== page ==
New York Gov. Andrew Cuomo (D) signed a law Tuesday making it easier for former foster youth who have not yet turned 21 to re-enter the city’s care, which can include housing assistance and monthly stipends to cover their basic needs.
Previously, youth seeking re-entry to foster care had to file a court motion and get it granted by a judge, a process that has been complicated by pandemic-related court closures and case backlogs. Effective immediately, they can make the request directly to the local social services commissioner. For the duration of the public health emergency, the new law also suspends requirements that young people work or attend school in order to receive assistance.
Though New York offers extended foster care services up to age 21, each year hundreds of young adults sign themselves out after turning 18, often tired of years of meeting with caseworkers and eager to live life on their own terms. But with pandemic-related job losses disproportionately affecting the youngest workers, many former foster youth are finding they can no longer support themselves and have no family to fall back on for housing or financial support.
The ease and speed with which youth were previously able to re-enter foster care varied by county. In New York City, the Administration for Children’s Services has a specialized unit to assist young adults who have exited care but need additional support. In 2019, 90 young people applied to re-enter care in the city: 31 were approved, 32 withdrew their applications and 27 did not meet the criteria or were disapproved, according to a report by the agency.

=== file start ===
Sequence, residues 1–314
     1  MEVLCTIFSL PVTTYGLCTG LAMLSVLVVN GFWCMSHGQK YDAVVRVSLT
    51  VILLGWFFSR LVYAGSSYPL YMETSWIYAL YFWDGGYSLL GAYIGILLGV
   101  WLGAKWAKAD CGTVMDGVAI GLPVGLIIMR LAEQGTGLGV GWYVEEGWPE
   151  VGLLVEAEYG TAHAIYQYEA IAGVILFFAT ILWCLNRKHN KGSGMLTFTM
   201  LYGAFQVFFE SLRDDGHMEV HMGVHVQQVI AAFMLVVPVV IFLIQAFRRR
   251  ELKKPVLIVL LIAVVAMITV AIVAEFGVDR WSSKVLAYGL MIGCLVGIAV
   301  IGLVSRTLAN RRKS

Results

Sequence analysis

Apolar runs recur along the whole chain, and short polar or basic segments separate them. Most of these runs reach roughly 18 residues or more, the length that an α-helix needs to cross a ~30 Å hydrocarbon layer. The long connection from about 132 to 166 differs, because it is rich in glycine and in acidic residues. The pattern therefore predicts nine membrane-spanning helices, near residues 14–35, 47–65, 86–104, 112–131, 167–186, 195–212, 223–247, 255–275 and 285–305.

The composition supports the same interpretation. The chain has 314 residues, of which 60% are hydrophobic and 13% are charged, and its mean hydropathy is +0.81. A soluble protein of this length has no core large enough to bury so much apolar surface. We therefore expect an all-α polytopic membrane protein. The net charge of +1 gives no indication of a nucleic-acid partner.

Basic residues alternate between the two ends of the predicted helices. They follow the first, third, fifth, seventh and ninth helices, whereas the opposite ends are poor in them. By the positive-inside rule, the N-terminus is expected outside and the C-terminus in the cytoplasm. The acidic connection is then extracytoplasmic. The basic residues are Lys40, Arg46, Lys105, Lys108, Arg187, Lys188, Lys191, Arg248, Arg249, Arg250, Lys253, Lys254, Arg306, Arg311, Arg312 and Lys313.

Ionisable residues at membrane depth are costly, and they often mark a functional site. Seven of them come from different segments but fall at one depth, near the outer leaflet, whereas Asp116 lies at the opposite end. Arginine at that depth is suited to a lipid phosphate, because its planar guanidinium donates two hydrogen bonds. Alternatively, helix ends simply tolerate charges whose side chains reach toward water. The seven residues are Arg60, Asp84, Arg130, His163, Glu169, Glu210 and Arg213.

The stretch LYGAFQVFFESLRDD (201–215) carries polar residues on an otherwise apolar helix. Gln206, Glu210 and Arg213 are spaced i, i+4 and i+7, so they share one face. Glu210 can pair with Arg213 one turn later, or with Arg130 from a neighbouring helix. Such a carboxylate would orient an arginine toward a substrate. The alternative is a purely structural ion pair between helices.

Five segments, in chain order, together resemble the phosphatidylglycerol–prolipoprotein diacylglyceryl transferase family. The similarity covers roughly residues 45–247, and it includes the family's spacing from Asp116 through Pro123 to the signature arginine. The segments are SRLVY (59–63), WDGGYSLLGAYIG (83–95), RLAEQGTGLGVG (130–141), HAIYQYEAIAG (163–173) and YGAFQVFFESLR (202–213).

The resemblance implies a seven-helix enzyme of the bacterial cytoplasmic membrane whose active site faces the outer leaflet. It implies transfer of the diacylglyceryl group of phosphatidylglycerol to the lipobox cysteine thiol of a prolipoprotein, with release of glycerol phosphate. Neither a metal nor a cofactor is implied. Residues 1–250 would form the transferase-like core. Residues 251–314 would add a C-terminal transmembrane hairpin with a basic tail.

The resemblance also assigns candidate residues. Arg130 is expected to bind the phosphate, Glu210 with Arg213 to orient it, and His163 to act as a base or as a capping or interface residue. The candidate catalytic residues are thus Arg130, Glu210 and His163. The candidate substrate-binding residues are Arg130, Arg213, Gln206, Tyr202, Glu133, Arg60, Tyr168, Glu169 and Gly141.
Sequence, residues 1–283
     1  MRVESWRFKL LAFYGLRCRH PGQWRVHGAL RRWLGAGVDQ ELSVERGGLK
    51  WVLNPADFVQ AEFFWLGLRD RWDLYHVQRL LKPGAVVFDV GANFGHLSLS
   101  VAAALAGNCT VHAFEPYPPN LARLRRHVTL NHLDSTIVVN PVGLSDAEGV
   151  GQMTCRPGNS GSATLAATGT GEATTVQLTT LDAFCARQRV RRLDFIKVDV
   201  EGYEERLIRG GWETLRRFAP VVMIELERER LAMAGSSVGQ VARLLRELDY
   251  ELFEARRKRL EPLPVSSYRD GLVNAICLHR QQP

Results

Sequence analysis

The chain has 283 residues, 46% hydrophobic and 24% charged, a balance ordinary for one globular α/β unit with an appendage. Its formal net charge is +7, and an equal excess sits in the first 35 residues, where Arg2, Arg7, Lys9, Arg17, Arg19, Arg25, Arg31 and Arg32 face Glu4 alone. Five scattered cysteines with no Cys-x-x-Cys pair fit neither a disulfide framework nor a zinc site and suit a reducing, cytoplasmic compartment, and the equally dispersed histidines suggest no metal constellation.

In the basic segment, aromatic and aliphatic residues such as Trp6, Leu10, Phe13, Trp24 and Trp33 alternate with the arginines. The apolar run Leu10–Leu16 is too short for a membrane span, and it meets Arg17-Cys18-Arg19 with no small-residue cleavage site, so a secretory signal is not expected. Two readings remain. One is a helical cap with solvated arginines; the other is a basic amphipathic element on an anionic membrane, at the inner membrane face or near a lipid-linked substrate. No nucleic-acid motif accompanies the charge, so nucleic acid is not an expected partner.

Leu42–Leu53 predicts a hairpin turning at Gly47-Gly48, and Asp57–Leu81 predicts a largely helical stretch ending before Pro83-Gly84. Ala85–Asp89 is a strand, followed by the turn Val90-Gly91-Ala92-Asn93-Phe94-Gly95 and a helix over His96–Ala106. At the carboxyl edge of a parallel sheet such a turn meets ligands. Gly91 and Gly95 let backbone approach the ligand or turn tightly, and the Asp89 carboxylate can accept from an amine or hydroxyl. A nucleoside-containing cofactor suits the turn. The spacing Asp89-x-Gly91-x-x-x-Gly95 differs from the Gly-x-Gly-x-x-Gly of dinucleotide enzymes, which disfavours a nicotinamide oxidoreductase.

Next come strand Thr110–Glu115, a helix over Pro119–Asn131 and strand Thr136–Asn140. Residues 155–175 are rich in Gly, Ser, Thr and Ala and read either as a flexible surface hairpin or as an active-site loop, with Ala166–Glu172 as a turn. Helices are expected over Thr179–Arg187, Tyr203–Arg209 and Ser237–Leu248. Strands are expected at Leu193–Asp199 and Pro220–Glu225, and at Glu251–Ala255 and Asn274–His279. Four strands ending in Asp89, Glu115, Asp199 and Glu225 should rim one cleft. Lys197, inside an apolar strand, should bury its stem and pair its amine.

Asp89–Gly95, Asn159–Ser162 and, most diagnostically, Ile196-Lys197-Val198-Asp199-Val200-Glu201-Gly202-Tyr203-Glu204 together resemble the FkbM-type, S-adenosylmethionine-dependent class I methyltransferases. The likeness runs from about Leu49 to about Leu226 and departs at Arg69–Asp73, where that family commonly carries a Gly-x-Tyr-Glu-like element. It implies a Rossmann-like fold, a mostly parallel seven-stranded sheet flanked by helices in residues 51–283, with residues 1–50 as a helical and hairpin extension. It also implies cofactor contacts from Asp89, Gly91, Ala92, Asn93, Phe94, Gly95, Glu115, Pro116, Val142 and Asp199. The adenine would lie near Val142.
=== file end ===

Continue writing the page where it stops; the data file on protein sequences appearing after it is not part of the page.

In a note accompanying his signature on the bill, Gov. Cuomo wrote that the new process for re-entry creates some technical issues that need to be corrected to preserve federal funding, but that the legislature had pledged to rectify those concerns in the next session.
Smoothing the path to reentry was one of the two main changes for which advocates for foster youth have lobbied the state for most of the year. The second — a moratorium on automatically discharging young people from foster care on their 21st birthday during the pandemic — was originally part of the same bill, but it was removed before the legislature passed the bill this summer.
Many advocates say the recent change, while welcome, isn’t enough. Among them is Betsy Kramer, director of public policy and special litigation at Lawyers for Children, a nonprofit law firm that represents foster youth.
“This bill provides crucial protection to youth who are under the age of 21, have no alternative but to return to placement, and are unable to access the Family Courts,” Kramer wrote in an email. “We are, however, disappointed that Governor Cuomo and the legislature have not included protections for youth who are turning 21 and being forced out of foster care without stable housing or income.”
In a September letter endorsing the reentry bill, the New York City Bar Association also called for the state to go further in providing for vulnerable young adults during the pandemic.
“We continue to believe it is important to protect all older children who are aging out of foster care during the pandemic,” they wrote. “The state needs to keep its doors open to these youth during this crisis.”